The Department of Legislative Services (DLS) has released the county-by-county breakdown of the $12.8 million in transportation “capital grants” approved in the fiscal 2018 State budget for 23 counties. The General Assembly reduced the Governor’s original proposal of $27.4 million to $12.8 million, which includes $4 million of capital grants which counties have received since fiscal 2016, and $8.8 million in new grants.
The State distributes the funds according to the traditional highway user revenue formula, half based upon vehicle registrations and half based upon road mileage.
The grants are in addition to “traditional” highway user revenues: the statutory formula created by the State in 1968 through which some motorist revenues are distributed to the State, counties, and municipalities. These funds – some motor vehicle fuel taxes, titling taxes, registration fees and some others – are deposited into the Gasoline and Motor Vehicle Revenue Account, an account within the Transportation Trust Fund, and then 1.5 percent is distributed to 23 counties, 0.4 percent is distributed to municipalities, and 7.7 percent is distributed to Baltimore City.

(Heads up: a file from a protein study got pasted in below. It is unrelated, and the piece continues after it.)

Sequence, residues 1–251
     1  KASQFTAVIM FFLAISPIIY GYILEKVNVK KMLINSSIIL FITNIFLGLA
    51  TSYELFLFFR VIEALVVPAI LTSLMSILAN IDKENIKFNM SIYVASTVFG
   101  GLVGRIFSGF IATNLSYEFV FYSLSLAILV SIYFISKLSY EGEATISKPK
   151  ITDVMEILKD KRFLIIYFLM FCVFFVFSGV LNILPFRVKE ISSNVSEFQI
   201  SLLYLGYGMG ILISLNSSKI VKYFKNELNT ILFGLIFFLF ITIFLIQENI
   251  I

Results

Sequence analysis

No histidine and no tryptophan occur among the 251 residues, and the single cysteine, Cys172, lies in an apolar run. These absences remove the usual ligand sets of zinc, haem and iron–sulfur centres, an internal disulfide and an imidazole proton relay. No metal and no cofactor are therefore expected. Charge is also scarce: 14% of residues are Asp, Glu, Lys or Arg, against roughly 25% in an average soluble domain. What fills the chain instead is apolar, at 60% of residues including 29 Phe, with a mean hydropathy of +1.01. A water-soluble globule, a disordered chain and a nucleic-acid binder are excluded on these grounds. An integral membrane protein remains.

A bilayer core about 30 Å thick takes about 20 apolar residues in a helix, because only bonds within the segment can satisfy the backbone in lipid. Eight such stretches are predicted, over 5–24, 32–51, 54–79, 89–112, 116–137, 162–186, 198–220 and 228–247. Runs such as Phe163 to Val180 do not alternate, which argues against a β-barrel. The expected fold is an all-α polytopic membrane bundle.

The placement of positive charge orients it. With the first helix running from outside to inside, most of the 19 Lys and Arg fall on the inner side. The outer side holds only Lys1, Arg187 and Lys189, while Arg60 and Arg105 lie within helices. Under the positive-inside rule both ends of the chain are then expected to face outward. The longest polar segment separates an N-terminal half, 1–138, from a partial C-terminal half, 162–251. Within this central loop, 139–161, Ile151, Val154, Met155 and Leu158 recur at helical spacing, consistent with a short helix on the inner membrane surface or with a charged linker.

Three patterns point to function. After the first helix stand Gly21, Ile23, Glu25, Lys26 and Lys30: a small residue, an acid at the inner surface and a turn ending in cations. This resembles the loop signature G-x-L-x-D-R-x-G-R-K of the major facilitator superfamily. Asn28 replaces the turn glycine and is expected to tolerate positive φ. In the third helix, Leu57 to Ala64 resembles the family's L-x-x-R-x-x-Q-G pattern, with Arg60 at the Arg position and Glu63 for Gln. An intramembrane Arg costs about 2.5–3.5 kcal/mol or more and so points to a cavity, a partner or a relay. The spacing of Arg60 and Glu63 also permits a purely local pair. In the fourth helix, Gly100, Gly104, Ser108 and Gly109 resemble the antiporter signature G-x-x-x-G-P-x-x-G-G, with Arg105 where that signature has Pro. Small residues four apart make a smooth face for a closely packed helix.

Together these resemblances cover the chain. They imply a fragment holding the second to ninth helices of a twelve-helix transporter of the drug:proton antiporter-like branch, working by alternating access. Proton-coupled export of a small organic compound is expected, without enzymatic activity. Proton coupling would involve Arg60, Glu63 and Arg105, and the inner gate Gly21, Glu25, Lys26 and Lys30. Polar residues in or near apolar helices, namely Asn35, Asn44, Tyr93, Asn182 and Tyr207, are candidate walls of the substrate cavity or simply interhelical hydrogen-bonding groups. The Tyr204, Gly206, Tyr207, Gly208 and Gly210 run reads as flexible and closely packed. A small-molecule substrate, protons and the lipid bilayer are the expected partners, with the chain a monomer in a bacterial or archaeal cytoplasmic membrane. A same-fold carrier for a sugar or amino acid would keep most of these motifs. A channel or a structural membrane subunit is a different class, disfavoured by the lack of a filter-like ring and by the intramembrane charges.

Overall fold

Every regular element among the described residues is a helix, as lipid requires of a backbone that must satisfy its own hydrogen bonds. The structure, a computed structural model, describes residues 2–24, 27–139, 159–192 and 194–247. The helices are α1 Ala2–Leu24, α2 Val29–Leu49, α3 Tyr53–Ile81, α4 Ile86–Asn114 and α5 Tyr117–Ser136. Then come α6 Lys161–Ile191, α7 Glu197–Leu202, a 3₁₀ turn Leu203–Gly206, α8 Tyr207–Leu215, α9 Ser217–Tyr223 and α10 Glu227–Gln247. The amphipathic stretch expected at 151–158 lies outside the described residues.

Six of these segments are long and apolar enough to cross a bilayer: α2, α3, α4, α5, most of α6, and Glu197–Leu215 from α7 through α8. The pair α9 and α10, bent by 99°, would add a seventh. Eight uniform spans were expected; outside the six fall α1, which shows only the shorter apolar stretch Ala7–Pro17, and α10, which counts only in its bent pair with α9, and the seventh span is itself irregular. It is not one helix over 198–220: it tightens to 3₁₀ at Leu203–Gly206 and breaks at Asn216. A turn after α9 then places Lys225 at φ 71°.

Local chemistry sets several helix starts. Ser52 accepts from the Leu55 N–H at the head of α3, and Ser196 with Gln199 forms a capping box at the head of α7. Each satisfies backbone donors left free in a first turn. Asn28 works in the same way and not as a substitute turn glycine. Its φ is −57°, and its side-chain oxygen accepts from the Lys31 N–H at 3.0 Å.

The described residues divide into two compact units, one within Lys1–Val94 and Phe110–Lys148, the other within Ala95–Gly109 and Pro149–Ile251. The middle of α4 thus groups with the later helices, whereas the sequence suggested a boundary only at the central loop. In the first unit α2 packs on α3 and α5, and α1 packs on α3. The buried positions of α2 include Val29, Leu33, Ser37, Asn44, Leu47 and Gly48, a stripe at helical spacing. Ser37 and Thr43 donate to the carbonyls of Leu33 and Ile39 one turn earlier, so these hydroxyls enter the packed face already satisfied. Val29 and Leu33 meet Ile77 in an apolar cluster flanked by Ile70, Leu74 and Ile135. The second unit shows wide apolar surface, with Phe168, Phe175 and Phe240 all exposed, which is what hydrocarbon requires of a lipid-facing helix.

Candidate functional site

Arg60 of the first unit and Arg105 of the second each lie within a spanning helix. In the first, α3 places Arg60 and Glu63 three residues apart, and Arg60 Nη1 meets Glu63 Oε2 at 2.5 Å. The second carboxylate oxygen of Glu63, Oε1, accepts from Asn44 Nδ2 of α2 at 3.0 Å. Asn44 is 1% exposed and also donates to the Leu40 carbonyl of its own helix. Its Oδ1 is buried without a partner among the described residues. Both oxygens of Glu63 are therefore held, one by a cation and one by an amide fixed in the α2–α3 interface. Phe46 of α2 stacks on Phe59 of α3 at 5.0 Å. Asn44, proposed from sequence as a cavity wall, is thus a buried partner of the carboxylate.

For more than forty years, local governments have received at least 30 percent of these revenues to fund local roads and bridges – 83 percent of the public road mileage in Maryland. In 2010, the State reduced highway user revenues by 90 percent for most jurisdictions – and local governments have advocated for restored highway user revenues ever since.
The General Assembly’s action this year to provide counties some relief connotes a small step, but marked improvement over prior years.